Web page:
1. 4

                EDIT Codefied my idea here - https://bugs.ruby-lang.org/issues/14709#note-6

                match(value) do |m|
                  m.when(/name/, 42) { |name, age| Person.new(name, age) }
                  m.else { |object| raise "Can't convert!" }
                end
                

                An example practical usage:

                def get_url(url)
                  Net::HTTP.get_response(URI(url)).then(&match do |m|
                    m.when(Net::HTTPSuccess) { |response| response.body.size }
                    m.else { |response| raise response.message }
                  ))
                end
                

                Original:

                Not a problem, there are a lot of them (may Matz and Koichi forgive me)

                I hadn’t quite covered it yet. That’s always been the trick about this: what should it look like?

                Truthfully I don’t know quite yet, but I’m working on ideas. In regards to the %p and %m I would agree with some Reddit comments that they can tend slightly Perl-ish. I’d like a more fluent syntax if possible that reads intuitively, and I don’t think that quite does it.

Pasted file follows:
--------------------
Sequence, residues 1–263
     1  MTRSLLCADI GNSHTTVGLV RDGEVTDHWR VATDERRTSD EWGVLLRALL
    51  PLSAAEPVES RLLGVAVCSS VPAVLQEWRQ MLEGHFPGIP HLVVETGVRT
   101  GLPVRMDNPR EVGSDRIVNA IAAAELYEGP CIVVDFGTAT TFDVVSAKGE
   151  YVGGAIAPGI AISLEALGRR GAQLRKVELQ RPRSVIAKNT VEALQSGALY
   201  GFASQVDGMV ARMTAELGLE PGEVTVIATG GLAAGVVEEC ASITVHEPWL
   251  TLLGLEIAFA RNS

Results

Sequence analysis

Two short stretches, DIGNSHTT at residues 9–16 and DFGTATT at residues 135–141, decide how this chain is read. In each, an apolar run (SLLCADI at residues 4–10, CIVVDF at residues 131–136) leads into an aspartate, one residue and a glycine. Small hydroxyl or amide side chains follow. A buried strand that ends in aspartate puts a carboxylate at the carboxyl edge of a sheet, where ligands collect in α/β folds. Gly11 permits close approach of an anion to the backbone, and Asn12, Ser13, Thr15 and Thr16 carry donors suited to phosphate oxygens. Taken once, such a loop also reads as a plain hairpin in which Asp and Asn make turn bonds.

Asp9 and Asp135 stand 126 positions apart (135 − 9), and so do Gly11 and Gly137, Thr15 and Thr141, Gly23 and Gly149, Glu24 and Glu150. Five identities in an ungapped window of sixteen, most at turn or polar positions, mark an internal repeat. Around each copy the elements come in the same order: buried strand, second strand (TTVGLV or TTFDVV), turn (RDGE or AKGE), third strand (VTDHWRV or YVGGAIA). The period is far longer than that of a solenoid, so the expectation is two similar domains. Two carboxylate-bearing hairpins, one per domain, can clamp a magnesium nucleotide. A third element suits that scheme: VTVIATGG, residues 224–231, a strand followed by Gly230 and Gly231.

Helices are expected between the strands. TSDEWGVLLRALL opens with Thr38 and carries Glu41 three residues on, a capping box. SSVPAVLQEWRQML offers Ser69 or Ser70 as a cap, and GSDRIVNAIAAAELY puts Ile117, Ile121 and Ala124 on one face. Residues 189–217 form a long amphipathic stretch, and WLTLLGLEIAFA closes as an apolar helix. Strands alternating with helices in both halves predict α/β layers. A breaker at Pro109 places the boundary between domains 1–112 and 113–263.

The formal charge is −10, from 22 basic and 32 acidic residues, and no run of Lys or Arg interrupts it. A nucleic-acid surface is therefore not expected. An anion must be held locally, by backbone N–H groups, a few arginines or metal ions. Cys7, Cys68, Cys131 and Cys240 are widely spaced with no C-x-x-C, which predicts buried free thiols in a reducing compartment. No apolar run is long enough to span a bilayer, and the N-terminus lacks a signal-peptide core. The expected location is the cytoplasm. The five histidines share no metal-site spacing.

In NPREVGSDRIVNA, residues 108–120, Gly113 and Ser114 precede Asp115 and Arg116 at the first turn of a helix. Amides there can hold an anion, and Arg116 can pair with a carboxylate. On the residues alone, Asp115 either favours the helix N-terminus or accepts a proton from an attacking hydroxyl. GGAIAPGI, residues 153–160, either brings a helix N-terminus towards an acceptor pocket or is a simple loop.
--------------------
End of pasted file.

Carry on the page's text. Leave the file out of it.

I had initially proposed this:

                new_value = match value
                  when %m(:_, 20..99) { |_, age| age + 1 }
                  else { |object| ... }
                end
                

                …which is quite similar to your suggestion. I’d almost consider switching the syntax a bit to something more like this:

                new_value = match value
                  when matches(:_, 20..99) { |_, age| age + 1 }
                  else matches(:_) { |object| ... }
                end
                

                When possible I would prefer very clear words as syntax over the percent shorthands. With this you could almost amend case to look for matches

                1. 1

                  Ahhh, I hadn’t seen how binding the match results as block arguments would be valuable, but your example of using === overloads like Class.=== and Regexp.=== have convinced me. I learned pattern matching in Erlang so I was thinking about the Erlang style mostly, and I didn’t think of how pattern matching would be most useful in Ruby. Blocks are a good way to reuse the case style matching that’s already well understood.

                2. 1

                  OOH I like this! You should counter-propose this syntax.

              2. 2

                I only just saw it via this proposal. Hope to find time to play with it today after work.